Post-Graduation Follow-Up of Graduates of an Interprofessional Simulation Curriculum: Is IPE Important in Clinical Settings?
Repository Posting Date2017-06-05T14:57:57Z
Author DetailsSharon Cannon, EdD, RN, ANEF
Lead Author Sigma AffliationIota Mu
Other Title(s)Promoting Interprofessional Teams
Level of EvidenceN/A
nterprofessional Education (IPE) has become an integral part of education in all health sciences, however little data exists to determine if this model is helpful in clinical practice. Too often, there is a gap between education and practice. We present our post-graduate results for our IPE simulation curriculum for the Nursing, Medicine, and PA programs.
Patient care is always provided by multidisciplinary teams in the hospital; however education of students continues to be isolated and conducted in silos. Recently, interprofessional education has been utilized to maximize the learning environment, create interactive learning, and teach non-cognitive aspects of health care. Numerous models have been used to quantify the benefit of these curriculua, but follow up of graduates has been difficult due to many factors.
Transition to practice is often the most difficult for health care students. While clinical knowledge is easily assessed, employers spend a great deal of time developing a collaborative work environment, effective communication, and professional rapport. Our IPE curriculum was started to replicate these issues and encourage students to improve their communication and teamwork. To assess the effectiveness of our curriculum, we followed all students prospectively and assessed their development after they began their career using interviews and Likert surveys. We believe this is the only way to show validation for our curriculum. Since the goal of this program is to enhance teamwork, communication, and rapport amongst professionals, it is very difficult to quantify the effectiveness and as a result, we rely on subjective experiences of the graduates. Finally, since this program is integrated into other educational models and the student’s experience is cumulative, confounding is inherent in the data but minimized.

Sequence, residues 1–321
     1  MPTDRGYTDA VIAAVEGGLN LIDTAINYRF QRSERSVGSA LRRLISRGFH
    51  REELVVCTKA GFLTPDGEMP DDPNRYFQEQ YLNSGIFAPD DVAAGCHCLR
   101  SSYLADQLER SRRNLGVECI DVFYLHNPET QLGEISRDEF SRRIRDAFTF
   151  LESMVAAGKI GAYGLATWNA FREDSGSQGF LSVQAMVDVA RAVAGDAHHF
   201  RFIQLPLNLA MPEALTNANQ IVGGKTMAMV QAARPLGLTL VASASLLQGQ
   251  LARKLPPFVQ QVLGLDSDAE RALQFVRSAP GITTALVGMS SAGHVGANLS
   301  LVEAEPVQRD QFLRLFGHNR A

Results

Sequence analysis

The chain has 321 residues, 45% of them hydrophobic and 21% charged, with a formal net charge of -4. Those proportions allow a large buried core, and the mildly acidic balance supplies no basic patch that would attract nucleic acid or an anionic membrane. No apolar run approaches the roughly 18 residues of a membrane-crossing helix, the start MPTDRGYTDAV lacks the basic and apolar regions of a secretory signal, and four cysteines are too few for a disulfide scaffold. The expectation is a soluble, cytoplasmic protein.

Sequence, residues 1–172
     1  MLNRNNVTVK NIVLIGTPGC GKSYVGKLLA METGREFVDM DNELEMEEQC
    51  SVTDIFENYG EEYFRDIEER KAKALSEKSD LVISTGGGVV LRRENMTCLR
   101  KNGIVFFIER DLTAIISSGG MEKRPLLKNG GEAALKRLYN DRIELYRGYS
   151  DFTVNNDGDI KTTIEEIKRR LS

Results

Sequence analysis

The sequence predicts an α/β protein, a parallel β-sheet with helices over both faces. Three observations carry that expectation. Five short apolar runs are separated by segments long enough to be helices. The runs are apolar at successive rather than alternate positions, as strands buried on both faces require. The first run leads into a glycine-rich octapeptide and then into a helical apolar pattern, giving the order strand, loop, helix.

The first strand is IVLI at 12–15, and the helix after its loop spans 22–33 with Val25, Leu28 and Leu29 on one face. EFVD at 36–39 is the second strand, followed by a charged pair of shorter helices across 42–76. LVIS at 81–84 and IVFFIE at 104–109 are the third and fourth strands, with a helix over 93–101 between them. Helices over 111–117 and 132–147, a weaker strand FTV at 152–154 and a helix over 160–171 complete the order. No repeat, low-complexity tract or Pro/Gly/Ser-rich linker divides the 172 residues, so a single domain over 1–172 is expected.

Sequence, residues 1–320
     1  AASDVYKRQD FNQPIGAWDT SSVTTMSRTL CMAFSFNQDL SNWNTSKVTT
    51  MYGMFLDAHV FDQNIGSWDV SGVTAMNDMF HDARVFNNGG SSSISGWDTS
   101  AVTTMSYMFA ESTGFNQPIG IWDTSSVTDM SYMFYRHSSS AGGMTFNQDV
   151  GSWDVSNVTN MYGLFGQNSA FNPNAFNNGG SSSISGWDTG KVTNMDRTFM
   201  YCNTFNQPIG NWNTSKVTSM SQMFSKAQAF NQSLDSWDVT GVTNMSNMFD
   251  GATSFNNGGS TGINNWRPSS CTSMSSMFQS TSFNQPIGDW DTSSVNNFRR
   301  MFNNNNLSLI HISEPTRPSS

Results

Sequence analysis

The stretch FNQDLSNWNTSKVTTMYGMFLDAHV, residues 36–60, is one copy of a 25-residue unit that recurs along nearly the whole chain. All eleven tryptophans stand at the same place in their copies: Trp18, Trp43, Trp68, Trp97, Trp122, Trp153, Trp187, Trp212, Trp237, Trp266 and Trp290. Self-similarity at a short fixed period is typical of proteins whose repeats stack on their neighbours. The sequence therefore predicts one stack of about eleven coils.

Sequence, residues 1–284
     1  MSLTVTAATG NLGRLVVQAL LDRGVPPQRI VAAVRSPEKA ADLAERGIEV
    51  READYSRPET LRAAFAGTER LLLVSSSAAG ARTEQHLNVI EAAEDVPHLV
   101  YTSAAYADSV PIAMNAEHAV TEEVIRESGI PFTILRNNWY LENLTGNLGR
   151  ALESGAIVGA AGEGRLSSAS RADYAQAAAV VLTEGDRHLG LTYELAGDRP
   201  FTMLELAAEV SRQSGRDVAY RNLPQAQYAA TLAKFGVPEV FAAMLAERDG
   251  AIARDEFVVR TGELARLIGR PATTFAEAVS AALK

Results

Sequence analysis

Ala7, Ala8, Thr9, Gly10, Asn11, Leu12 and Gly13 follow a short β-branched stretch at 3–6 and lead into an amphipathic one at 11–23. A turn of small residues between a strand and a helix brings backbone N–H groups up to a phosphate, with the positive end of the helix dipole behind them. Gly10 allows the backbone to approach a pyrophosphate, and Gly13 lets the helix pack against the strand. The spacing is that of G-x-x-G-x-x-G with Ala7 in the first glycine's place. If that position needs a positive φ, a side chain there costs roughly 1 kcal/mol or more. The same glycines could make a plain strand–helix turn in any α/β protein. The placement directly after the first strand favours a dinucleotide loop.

There were 17 of 28 graduates who responded and all 17 of them believed IPE was important for their career and thought it had improved their communication skills and teamwork. All respondents would suggest the curriculum to current students and 95% thought it should be mandatory. Finally, a number of graduates were asked about this curriculum by their employer during the interview process.
Obviously, the sample size is small but it had positive results. We believe that this data shows the effectiveness of our curriculum. As part of our institution’s emphasis on IPE, curriculum utilizing the simulation centers will become an integral part of the core IPE initiative. Finally, the fact that employers are asking about our curriculum at interviews may represent improved preparedness of the graduates compared to other students and may be an advantage in the job market. In addition, having professionals who interact in patient care can have a major impact on patient satisfaction and build a culture of teamwork in the practice setting.